What can shops do when they’re overwhelmed with work?

When you are slammed, it’s easy to think that you need to work on six things at once to be able to get to the finish line faster. But you know that only creates more stress and causes silly mistakes. Instead, limit yourself and your crew to work on one thing at a time. That laser-like focus, and 100% effort will start knocking out work much faster, and quality improves.

Also, try adjusting your mindset. When you come into work, and your brain is focused on “I have too much to do today!”, your anxiety level increases as well. This mindset feeds into the feeling that you can’t get everything handled.

Instead, try starting your day with the mindset and focus that “I have plenty of time to do everything I need to!” Take a deep breath and start knocking out the tasks one at a time. Delegate if you can. Prioritize the tasks, so the most urgent and essential ones get completed first. That mental shift is relaxing and will help your concentration and ability to do things correctly.

Remember, not all work is good.

What’s that mean? You are stressed and overwhelmed. It may look like you will be clocking in a minimum of 60 or 80 hours for the next three to six weeks. I know exactly what that is like.

There are tons of shops out there that are struggling to find work. Having a long list of jobs to produce is a great thing. Here’s the question to ask though: Are all the jobs that make up your busy schedule worthwhile? Profitable?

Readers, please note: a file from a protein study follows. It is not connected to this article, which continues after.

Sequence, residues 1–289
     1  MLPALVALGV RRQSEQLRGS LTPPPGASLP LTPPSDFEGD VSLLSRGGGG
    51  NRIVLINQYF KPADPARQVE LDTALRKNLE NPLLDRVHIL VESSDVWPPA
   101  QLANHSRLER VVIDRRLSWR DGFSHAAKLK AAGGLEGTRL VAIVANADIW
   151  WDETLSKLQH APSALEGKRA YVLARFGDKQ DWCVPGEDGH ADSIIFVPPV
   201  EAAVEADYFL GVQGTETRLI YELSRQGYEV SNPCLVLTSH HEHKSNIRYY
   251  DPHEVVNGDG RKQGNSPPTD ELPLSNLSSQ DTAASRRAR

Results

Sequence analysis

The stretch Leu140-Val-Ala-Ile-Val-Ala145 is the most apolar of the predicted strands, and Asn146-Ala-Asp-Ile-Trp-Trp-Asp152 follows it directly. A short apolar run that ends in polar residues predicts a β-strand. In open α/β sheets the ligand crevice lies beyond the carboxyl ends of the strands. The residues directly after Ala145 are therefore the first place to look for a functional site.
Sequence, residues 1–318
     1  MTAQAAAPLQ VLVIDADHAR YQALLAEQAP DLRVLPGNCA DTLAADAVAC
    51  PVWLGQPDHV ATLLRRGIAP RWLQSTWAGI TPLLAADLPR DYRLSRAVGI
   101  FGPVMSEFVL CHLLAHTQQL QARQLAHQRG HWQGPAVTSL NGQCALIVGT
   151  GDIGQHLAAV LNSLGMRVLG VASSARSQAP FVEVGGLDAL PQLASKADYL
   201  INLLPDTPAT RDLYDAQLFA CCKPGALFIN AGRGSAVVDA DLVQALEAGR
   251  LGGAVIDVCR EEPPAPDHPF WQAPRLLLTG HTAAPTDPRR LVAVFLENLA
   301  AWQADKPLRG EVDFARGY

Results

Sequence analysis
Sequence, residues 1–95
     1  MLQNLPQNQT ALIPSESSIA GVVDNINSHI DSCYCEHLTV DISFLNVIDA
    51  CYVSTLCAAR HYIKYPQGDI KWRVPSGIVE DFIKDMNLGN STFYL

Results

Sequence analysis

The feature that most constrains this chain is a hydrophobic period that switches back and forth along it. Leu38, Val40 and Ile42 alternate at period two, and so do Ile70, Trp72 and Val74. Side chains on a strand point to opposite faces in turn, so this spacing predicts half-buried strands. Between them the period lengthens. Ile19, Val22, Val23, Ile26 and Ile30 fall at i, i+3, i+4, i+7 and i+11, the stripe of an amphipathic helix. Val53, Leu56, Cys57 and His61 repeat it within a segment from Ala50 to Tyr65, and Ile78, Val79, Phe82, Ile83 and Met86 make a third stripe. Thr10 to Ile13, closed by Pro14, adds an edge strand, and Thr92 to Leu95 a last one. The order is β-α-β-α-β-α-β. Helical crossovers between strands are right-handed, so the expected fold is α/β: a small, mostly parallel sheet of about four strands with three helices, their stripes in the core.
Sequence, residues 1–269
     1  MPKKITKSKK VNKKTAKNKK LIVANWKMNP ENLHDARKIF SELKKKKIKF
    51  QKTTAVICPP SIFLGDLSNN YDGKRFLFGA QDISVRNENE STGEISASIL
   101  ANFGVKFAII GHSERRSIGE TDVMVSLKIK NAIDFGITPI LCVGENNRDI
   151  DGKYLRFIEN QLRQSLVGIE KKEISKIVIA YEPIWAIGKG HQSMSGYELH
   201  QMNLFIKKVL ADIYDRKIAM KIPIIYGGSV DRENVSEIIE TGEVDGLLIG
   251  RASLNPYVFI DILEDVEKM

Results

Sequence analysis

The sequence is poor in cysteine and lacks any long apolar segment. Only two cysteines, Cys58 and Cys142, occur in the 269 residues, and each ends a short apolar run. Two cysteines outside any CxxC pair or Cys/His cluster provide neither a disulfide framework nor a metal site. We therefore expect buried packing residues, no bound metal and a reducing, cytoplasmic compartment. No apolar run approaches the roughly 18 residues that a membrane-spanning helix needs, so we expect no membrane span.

It’s a known fact that for businesses, the top 20% of customers bring in 80% of the sales revenue. Do yourself a favor and pull up your own shop sales history and check this out with the jobs you bring in. This means that the bottom 80% of customers only give you 20% of your sales, which translates to a lot of work for less money.

Marshall Atkinson

Marshall Atkinson is a graduate of Florida State University with a bachelor's of science in art and is now the owner of Atkinson Consulting LLC. He worked for T-Formation of Tallahassee Inc. for nearly 18 years as both art director and vice president of operations and was instrumental in the company's third-party certification through the Sustainable Green Printing Partnership - the first apparel company to receive such accreditation. Atkinson has participated on trade show and webinar industry panel discussions regarding sustainability and the Consumer Product Safety Information Act. Currently, he is also responsible for the education division of InkSoft. 

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